Today is a day in Novemeber ending in -y, so you know what that means: the Georgia gubernatorial race is still a mess.
The race between Democrat Stacey Abrams and Republican Brian Kemp—who, until very recently, also ran elections in the state of Georgia, a job he did incredibly poorly and in a blatantly corrupt fashion—saw a few big developments last night, both of which appear to be mostly positive for Abrams. The first was that Kemp’s temporary replacement as Secretary of State issued guidance to county election officials, instructing them to count absentee ballots even if the voter’s date of birth is missing or wrong.
Also last night, federal judge Amy Totenberg issued a wholesale delay in the certification of Georgia’s election results over issues regarding the state’s voter registration system (another thing Kemp did an incredibly shitty job maintaining) and the counting of provisional ballots.
Per the New York Times:
“Repeated inaccuracies were identified in the voter registration system that caused qualified voters likely to lose their vote or to be channeled at best into the provisional voting process because their registration records did not appear or had been purged from the data system,” Judge Totenberg, an appointee of former President Barack Obama, wrote.
She added that she had concluded that there was “evidence that certain counties and precincts stintingly provided provisional ballots to voters despite the volume of individuals facing registration issues at the polls.”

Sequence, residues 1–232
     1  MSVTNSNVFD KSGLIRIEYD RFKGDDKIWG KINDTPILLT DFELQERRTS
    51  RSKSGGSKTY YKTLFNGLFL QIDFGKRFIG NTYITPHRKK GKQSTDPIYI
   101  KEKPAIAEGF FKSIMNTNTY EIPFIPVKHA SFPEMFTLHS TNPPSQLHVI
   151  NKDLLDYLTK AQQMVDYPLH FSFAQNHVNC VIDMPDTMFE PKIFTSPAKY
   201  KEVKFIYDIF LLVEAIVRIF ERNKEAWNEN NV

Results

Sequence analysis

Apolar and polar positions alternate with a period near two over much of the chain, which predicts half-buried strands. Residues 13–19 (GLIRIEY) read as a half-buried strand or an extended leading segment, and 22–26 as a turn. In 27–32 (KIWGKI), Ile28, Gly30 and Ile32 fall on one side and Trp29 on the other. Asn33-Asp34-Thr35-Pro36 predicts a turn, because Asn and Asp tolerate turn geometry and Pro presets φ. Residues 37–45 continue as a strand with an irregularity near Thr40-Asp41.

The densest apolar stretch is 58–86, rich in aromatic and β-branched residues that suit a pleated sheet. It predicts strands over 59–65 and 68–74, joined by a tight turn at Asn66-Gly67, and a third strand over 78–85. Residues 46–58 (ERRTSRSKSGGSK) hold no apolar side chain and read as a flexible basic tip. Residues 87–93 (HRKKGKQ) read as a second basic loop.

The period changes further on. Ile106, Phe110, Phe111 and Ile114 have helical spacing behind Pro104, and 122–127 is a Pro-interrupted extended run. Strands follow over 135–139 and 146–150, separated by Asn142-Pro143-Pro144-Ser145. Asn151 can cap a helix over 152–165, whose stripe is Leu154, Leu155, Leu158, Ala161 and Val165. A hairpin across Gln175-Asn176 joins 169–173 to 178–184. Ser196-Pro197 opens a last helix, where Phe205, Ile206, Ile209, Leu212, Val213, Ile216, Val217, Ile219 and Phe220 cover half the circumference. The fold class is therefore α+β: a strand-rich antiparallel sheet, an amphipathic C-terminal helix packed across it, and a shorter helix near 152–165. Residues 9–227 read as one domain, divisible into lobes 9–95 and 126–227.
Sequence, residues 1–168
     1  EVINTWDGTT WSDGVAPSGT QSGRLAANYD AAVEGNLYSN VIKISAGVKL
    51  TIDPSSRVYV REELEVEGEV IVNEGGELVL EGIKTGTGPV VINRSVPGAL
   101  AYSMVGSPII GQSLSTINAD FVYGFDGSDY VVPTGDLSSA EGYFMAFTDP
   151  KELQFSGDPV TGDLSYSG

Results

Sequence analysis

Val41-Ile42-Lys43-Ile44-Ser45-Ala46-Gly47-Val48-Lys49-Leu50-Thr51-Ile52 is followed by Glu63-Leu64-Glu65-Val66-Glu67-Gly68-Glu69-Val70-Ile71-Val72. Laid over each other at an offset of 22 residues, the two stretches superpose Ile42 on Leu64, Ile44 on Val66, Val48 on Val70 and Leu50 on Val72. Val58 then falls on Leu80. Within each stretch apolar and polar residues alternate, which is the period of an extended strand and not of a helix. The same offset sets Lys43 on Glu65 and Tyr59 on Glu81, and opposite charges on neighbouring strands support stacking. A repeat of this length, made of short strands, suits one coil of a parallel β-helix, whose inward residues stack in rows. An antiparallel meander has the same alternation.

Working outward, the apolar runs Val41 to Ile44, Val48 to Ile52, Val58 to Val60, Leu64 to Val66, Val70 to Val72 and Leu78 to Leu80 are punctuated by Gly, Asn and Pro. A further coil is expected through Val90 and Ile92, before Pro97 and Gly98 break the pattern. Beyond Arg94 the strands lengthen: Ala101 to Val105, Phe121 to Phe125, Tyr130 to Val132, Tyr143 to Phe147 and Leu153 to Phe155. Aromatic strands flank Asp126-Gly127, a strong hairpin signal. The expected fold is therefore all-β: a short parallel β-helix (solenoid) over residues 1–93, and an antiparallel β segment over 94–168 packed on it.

In addition, Totenberg ordered Georgia to create a hotline so voters who cast provisional ballots could check their status.
According to current totals, Kemp leads by about 58,000 votes out of nearly 4 million cast, with a share of 50.3 percent of the vote to Abrams’ 48.8. If Kemp falls below the 50 percent threshold by the time all of the ballots are counted, there will be a runoff on December 4. (The race to replace Kemp as Secretary of State is already set for a runoff that day.)
Abrams’ campaign manager told the Times the ruling was “good news,” while Kemp spokesman Ryan Mahoney responded to the ruling in typically measured terms. “It’s incredibly shameful that liberal lawyers are doubling down on lawsuits desperately trying to create more votes for Stacey Abrams,” he told the Times. “They don’t want to win this election. They are trying to steal it.”
A reminder: this is Georgia the U.S. state, not Georgia the country.